Use of nouns delays speech
Why do we sometimes speak more slowly or more rapidly, and why do we sometimes have a longer pause between uttering particular words? This has to do with whether you are about to use a noun or a verb. This is the finding from research by an international team led by linguist Frank Seifart from the University of Amsterdam (UvA) in collaboration with Leiden University (and other institutions). The results identified by the team, in different languages, have been published in the Proceedings of the National Academy of Sciences (PNAS).
Every speech utterance is produced at a certain speed, but that speed is not constant. Speakers subconsciously speed up and slow down their speech. Variation in the speed of speech is influenced by a complex combination of factors, including the frequency and predictability of words, their information status and their position within an utterance. Applying a new approach, Seifart and his colleagues use the speed of speech as an index for planning the utterance of words. They focus on the period of time in which speakers prepare the production of words from the two most important lexical classes: nouns and verbs.
Noun versus verb
‘We have analysed recordings of natural speech from nine linguistically and culturally diverse populations across the world, from the Amazon area to Siberia, and from the Himalayas to the Kalahari desert, as well as the US and the Netherlands,' Seifart explains. 'We measured the rate of speech in terms of how many segments (‘letters’) were produced per second and in terms of the gaps between words. This showed that in all nine languages there is a strong tendency for speech to be slower before a noun than before a verb. That was something of a surprise because the general assumption from previous research was that verbs take more time to plan.'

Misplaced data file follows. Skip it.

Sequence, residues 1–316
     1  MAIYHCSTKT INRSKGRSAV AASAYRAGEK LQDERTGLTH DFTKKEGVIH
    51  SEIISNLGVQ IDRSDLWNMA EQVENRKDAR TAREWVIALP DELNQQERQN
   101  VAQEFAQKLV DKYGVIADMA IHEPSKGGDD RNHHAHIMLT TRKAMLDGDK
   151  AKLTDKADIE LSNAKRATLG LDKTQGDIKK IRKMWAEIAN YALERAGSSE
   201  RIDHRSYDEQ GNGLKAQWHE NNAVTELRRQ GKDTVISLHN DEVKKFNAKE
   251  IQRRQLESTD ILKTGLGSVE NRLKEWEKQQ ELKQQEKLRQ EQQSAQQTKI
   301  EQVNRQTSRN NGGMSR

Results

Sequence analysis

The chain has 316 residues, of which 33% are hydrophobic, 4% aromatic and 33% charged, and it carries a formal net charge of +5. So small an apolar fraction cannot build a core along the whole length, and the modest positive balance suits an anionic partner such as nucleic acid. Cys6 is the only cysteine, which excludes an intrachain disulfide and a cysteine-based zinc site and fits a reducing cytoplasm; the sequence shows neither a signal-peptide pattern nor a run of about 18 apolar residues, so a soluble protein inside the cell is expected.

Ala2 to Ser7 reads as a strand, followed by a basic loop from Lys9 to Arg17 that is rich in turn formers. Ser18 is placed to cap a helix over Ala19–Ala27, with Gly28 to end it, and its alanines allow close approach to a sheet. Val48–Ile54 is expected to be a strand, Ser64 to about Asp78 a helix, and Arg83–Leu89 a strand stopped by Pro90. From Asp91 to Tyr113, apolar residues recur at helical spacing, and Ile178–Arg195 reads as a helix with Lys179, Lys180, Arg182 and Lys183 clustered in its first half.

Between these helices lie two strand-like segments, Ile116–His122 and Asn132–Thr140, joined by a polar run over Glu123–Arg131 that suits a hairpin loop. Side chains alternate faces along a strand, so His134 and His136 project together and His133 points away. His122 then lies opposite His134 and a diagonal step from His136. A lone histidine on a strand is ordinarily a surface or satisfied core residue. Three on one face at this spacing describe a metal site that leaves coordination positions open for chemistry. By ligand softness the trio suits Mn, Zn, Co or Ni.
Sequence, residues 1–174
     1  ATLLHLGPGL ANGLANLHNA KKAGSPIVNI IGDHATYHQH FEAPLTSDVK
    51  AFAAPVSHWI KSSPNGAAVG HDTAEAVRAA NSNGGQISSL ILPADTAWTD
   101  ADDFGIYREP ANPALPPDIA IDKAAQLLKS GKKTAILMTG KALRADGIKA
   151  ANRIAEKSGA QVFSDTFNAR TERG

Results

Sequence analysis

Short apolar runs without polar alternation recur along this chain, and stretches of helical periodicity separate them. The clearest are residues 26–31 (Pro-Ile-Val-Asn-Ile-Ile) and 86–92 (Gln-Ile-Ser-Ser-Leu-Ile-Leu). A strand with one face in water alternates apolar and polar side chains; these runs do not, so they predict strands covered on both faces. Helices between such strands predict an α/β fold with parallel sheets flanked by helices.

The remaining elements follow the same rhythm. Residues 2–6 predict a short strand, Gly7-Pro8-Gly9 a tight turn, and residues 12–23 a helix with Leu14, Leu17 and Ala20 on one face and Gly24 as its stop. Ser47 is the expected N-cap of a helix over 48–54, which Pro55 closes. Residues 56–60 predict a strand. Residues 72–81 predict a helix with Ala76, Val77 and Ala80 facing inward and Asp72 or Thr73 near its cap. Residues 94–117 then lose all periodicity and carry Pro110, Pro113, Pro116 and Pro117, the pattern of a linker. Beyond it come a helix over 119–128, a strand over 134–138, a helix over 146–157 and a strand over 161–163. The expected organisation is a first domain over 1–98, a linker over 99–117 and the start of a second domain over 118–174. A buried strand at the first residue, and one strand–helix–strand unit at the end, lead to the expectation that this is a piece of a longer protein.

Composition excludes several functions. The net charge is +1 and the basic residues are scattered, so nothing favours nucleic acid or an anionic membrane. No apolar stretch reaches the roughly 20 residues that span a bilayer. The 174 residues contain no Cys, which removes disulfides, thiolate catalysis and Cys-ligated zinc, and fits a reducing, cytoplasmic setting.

The findings made by Seifart and his colleagues indicate that nouns atually take more planning. The researchers believe that this is because of the newness of the information represented by nouns. Nous are only used when new information has to be presented. If that is not the case, then a noun is replaced by a pronoun, such as 'he' or 'she' or is left out altogether. Seifart gives an example: ‘If it is obvious from previous information that it is about a man, subsequent utterances will use "he" rather than "the man". So, you don't say: "The man came in and the man sat down." Instead you say: "The man came in and he sat down." There isn't a similar substitution principle for verbs. They are always used whether or not they refer to information that is already known.’
The new study suggests that cross-linguistic patterns of speeding up or slowing down speech can be deduced from the information status of the content of the utterance. The researchers also state that classes of words should be included more systematically in models of speech production. Seifart: ‘Our findings indicate that behind the amazing diversity of grammatical structures and cultural environments, there are strong universalia of linguistic processes that are closely related to how speakers manager referential information in their communications.'
It is surprising that English, on which earlier research was mainly based, exhibits the most exceptional behaviour of the nine languages studied. This means that if you only look at English, there is a good chance you will miss important generalisations about human language. It now appears that data from small, often threatened languages are crucial for our understanding of human language.
Image: Visitors to the Language Museum in Leiden.